2021 Criminal Legislative Summaries Now Available

Published for NC Criminal Law on December 15, 2021.

In this earlier blog post, I provided a then-current overview of criminal law and related legislation enacted by the North Carolina General Assembly this legislative session. Since then, there have been a few more bills enacted that affect criminal law, criminal procedure, and motor vehicle law, as well as some amendments to previously enacted bills.

Now that the General Assembly has adjourned, you can read summaries of all of the criminal law and related legislation here. Each summary provides a brief description of the act in question along with a link to the text of the act and, where available, links to blogs my colleagues and I wrote. As usual, the legislation spans a range of topics.

Here is a sample of the criminal and related laws enacted by the General Assembly this session:

  • new crimes, such as possession of credit card skimming devices (S.L. 2021-68), larceny of law enforcement equipment from law enforcement vehicles (S.L. 2021-167), and misuse of elected office for personal financial gain (S.L. 2021-191);
  • changes to court procedures, such as authorization of remote proceedings (S.L. 2021-47) and remote forensic testimony (S.L. 2021-180), regulation of the service and release of alternate jurors (S.L. 2021-94), and requiring first appearances for defendants charged with misdemeanors and held in custody (S.L. 2021-138, as amended by S.L. 2021-182);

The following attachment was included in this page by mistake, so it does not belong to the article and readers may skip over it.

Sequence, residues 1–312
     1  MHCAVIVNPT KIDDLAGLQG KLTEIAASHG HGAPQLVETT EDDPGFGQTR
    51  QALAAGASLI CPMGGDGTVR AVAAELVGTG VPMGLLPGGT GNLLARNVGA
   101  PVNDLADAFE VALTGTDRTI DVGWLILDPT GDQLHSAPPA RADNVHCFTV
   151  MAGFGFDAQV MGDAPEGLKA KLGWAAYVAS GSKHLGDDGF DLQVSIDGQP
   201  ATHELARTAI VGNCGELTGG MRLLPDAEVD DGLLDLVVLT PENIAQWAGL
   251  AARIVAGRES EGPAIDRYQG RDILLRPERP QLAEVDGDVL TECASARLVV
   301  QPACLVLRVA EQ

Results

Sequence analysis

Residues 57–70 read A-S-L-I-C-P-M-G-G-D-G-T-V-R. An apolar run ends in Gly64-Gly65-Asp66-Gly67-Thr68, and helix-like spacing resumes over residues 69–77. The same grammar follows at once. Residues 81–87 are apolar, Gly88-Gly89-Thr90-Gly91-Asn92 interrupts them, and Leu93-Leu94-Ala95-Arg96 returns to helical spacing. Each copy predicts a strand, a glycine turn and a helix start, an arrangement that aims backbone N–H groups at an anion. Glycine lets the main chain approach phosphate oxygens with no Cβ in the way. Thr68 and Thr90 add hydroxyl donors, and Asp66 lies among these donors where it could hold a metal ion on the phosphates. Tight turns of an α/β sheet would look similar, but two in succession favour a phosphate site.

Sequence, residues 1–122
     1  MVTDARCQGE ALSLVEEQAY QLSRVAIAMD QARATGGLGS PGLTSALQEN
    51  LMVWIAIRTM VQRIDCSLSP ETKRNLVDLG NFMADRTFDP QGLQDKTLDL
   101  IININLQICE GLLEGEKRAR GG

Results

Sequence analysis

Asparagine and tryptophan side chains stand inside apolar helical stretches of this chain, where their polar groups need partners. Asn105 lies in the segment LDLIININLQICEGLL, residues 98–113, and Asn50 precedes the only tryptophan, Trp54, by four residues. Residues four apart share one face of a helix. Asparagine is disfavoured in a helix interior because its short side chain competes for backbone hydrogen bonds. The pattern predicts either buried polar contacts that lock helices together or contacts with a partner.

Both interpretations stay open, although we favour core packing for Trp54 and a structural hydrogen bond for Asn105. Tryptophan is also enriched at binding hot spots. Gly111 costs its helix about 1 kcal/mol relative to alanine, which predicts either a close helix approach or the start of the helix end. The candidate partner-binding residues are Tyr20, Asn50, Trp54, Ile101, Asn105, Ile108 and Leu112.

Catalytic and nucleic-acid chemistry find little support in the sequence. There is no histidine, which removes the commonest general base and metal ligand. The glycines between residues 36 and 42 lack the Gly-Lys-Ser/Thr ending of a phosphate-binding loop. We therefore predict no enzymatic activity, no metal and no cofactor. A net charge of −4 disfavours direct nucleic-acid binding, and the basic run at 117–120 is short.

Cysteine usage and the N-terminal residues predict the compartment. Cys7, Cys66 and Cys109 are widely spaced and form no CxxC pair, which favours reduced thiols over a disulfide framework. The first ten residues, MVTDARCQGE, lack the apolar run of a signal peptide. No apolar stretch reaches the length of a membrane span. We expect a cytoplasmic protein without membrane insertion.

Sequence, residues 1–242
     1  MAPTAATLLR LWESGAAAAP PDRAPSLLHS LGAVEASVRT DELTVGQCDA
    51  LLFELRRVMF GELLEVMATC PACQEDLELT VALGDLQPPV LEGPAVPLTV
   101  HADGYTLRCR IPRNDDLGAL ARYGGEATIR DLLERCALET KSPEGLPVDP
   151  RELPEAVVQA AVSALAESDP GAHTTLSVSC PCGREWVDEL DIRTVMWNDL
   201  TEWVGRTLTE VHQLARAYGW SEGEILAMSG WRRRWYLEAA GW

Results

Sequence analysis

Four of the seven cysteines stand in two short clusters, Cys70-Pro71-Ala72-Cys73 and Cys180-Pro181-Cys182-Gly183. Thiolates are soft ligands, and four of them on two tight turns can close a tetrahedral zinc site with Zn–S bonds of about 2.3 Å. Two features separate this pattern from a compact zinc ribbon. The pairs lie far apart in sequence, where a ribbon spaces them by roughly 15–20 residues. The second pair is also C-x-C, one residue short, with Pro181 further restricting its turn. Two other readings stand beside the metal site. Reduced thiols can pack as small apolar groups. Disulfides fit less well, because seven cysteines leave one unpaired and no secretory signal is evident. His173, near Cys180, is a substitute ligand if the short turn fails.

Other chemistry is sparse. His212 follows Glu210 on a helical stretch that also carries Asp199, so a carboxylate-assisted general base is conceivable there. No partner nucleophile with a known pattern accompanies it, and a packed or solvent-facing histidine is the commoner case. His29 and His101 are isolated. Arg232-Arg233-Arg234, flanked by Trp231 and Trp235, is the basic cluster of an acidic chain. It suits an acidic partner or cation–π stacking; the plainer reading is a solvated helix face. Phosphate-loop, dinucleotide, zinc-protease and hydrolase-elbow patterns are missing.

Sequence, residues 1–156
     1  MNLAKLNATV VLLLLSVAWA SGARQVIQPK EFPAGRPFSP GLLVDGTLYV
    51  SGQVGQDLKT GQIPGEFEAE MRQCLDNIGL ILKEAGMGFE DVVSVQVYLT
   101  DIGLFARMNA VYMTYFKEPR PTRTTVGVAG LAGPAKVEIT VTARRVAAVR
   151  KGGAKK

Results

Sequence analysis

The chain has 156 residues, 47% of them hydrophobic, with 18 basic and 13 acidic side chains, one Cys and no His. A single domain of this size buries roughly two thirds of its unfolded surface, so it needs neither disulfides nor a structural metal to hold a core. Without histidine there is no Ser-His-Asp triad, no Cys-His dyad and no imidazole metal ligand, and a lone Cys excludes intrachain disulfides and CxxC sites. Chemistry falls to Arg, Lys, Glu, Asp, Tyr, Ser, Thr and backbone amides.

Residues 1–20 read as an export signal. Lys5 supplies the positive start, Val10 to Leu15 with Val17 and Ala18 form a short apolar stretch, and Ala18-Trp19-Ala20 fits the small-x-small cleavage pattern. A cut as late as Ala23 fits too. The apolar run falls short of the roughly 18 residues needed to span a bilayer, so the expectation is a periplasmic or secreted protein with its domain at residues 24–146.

• expansion of expunction eligibility for certain misdemeanors and felonies (S.L. 2021-118, as amended by S.L. 2021-167);
  • changes to Raise the Age (S.L. 2021-118);
  • substantial amendments to the satellite-based monitoring law in response to constitutional issues (S.L. 2021-138); and
  • several changes to motor vehicle laws, including updates to ignition interlock laws (S.L. 2021-182) and prohibition of the “Carolina Squat” (S.L. 2021-128).

The General Assembly will reconvene on December 30 with a limited agenda, and then again in the new year on January 3, 2022 to take up unfinished business. In the meantime, if I missed or misstated anything in the document, please feel free to email me at bwilliams@sog.unc.edu.

The post 2021 Criminal Legislative Summaries Now Available appeared first on North Carolina Criminal Law.

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